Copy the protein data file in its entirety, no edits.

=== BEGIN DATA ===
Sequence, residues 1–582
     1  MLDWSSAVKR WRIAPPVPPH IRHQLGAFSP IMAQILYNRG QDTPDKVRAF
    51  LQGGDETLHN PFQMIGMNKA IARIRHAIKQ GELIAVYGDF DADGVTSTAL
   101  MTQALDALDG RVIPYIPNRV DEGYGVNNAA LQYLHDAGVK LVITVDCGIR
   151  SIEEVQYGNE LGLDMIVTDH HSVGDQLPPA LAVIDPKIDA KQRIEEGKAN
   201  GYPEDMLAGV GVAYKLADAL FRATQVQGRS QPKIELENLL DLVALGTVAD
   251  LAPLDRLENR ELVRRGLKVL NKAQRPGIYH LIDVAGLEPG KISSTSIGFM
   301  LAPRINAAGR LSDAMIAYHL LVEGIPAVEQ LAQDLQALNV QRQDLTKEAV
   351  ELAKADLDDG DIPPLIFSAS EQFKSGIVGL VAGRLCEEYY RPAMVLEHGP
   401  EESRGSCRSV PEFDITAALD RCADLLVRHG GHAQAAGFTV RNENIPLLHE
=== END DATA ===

Sequence, residues 1–582
     1  MLDWSSAVKR WRIAPPVPPH IRHQLGAFSP IMAQILYNRG QDTPDKVRAF
    51  LQGGDETLHN PFQMIGMNKA IARIRHAIKQ GELIAVYGDF DADGVTSTAL
   101  MTQALDALDG RVIPYIPNRV DEGYGVNNAA LQYLHDAGVK LVITVDCGIR
   151  SIEEVQYGNE LGLDMIVTDH HSVGDQLPPA LAVIDPKIDA KQRIEEGKAN
   201  GYPEDMLAGV GVAYKLADAL FRATQVQGRS QPKIELENLL DLVALGTVAD
   251  LAPLDRLENR ELVRRGLKVL NKAQRPGIYH LIDVAGLEPG KISSTSIGFM
   301  LAPRINAAGR LSDAMIAYHL LVEGIPAVEQ LAQDLQALNV QRQDLTKEAV
   351  ELAKADLDDG DIPPLIFSAS EQFKSGIVGL VAGRLCEEYY RPAMVLEHGP
   401  EESRGSCRSV PEFDITAALD RCADLLVRHG GHAQAAGFTV RNENIPLLHE